Use cases expected to benefit from subrated connections include Bluetooth LE Audio products such as hearing aids and Bluetooth monitoring systems which use sensors.

Channel Classification Enhancement

Bluetooth Low Energy (LE) Peripheral devices can now perform channel classification and influence the channel map used for adaptive frequency hopping, increasing connection reliability in certain situations. 

Enabling Bluetooth LE Peripheral devices to influence the adaptive frequency hopping (AFH) channel map can improve the throughput and reliability of connections where Central and Peripheral devices are not in close proximity.

When two Bluetooth® enabled devices are connected, a spread spectrum technique called adaptive frequency hopping (AFH) is used. Bluetooth technology divides the 2.4GHz (ISM) frequency band into smaller channels and rapidly hops between those channels when transmitting packets. Channels are chosen using a channel selection algorithm and a table of data called the channel map which classifies each channel as either used (suitable for use) or unused (not suitable for use).

Prior to version 5.3 of the core specification, Bluetooth Low Energy channel classification was performed only by the Central device. However, if two connected devices are not in close proximity with each other, the radio conditions of the Peripheral device may differ from those experienced by the Central. Consequently, when channel classification is performed only by the Central device, it is possible that the channel map can contain channels classified as used which are not a viable choice for the remote Peripheral. This can increase the chance of packet collisions and has the potential to degrade throughput.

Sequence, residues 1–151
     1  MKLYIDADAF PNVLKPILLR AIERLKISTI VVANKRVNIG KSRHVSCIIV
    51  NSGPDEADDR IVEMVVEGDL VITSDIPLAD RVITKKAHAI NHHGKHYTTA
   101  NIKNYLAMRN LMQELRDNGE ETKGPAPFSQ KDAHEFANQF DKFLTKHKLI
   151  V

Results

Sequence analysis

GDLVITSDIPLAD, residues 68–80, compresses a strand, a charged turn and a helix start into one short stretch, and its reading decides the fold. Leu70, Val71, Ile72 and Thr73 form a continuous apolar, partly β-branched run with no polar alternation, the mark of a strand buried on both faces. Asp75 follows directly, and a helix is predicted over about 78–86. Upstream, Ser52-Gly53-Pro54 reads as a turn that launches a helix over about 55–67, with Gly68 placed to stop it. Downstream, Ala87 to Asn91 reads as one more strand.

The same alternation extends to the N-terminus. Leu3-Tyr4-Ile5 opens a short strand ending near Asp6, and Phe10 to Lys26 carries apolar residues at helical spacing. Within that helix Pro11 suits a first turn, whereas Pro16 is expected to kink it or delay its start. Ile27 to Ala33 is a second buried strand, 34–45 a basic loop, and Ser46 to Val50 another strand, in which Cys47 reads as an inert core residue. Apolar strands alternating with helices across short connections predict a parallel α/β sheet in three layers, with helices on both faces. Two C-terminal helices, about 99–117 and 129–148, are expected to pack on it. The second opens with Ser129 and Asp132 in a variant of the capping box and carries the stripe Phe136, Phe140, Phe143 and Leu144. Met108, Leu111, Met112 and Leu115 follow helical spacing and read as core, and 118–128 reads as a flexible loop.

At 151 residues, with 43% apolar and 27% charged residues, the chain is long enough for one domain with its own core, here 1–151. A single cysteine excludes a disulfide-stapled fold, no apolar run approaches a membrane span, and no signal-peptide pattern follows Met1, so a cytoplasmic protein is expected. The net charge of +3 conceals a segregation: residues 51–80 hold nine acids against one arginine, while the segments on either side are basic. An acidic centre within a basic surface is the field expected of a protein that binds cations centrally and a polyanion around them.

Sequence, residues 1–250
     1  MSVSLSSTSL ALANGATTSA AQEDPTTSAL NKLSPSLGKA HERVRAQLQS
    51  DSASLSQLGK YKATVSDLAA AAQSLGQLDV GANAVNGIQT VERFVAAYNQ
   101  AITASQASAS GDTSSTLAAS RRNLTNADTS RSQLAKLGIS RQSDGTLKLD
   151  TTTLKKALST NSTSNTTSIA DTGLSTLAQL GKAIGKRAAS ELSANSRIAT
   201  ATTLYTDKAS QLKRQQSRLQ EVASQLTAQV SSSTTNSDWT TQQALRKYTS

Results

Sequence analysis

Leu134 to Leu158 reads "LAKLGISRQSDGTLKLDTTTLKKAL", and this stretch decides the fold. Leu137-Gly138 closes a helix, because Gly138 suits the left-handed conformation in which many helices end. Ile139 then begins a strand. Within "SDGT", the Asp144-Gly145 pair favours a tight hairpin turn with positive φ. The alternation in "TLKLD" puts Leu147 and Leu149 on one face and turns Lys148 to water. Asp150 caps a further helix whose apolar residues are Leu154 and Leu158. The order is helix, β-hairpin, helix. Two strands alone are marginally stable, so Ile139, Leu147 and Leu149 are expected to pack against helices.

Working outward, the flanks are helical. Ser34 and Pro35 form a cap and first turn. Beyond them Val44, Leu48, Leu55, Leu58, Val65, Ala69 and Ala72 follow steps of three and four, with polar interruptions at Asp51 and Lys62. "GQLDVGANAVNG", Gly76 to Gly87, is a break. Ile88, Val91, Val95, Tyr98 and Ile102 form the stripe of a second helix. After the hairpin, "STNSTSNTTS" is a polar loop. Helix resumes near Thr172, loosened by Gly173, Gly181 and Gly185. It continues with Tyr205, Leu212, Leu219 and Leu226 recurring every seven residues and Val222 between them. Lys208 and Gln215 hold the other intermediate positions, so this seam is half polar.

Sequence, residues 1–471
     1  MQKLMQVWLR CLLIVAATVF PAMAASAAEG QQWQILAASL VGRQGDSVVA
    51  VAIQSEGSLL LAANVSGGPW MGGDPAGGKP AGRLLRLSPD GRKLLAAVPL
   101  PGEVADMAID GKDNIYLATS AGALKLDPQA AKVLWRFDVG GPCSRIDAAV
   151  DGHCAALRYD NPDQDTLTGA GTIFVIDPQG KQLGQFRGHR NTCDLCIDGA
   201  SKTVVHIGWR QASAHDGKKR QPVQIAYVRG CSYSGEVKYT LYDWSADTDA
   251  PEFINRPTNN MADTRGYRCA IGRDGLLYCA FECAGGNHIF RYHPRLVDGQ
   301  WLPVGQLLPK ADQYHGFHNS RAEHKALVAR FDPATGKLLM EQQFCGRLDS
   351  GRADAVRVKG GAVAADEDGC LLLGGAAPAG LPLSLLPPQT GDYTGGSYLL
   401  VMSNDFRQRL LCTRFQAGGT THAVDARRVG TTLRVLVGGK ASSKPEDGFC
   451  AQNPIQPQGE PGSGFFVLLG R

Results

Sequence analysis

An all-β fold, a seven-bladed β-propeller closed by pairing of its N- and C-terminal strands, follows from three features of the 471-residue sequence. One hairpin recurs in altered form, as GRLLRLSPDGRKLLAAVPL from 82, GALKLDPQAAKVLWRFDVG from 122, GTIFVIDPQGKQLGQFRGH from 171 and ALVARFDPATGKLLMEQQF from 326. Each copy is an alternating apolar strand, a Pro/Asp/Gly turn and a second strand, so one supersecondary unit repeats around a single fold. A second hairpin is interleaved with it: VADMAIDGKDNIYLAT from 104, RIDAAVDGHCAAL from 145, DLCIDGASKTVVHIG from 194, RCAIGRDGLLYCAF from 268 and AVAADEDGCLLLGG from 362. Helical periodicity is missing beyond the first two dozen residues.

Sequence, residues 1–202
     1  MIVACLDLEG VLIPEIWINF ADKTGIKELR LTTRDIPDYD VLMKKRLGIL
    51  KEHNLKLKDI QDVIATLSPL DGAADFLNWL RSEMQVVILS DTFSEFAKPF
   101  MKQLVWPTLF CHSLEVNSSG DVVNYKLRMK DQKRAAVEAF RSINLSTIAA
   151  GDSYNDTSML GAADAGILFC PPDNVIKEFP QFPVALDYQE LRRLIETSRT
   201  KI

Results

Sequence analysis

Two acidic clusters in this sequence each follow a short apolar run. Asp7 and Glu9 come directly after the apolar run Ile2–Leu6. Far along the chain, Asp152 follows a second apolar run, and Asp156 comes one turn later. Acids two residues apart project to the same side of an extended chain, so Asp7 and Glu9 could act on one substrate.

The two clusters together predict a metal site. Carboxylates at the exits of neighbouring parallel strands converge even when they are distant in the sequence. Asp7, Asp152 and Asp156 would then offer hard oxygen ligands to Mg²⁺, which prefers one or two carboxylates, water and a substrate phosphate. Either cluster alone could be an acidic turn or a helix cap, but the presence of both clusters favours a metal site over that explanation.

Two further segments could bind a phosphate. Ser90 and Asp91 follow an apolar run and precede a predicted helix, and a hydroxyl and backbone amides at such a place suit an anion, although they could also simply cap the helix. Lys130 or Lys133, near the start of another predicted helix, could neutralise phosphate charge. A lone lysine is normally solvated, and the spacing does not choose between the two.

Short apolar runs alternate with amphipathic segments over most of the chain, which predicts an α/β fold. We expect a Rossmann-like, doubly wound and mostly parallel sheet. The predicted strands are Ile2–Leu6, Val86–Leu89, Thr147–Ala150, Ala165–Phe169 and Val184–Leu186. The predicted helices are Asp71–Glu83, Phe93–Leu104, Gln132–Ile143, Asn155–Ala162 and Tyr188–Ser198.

Channel classification in Bluetooth LE may now be performed by the Peripheral device as well as the Central. The Peripheral can report its channel classifications to the Central device so they too can be considered when updating the Central device’s channel map. The channel classification enhancement enables both devices to determine which channels are performing well and suitable for use, reducing the likelihood of packet collisions and boosting throughput and reliability.

All Bluetooth Low Energy (LE) connected devices can benefit from Peripheral devices now being able to perform channel classification and influence the AFH channel map. 

Removal of the Alternate MAC and PHY (AMP) Extension

The Alternate Media Access Control and Physical layer extension (AMP) allows a Bluetooth system to include one or more secondary controllers alongside a primary Bluetooth BR/EDR controller. Secondary controllers allow the use of the IEEE 802.11 MAC and PHY protocols instead of the standard Bluetooth layers that are part of the primary controller.

The frequency with which AMP has been used in qualified Bluetooth products is low and the Bluetooth Special Interest Group (SIG) has made the decision to remove this feature from Bluetooth Core Specification version 5.3. Members will still be able to qualify products that use AMP against an earlier version of the Bluetooth Core Specification until further notice.

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Bluetooth Core Specification Version 5.3 Feature Enhancements

Bluetooth® Core Specification version 5.3 includes several feature enhancements with the potential to improve reliability, energy efficiency, and user experience in many types of Bluetooth enabled products. This document summarizes and explains each change.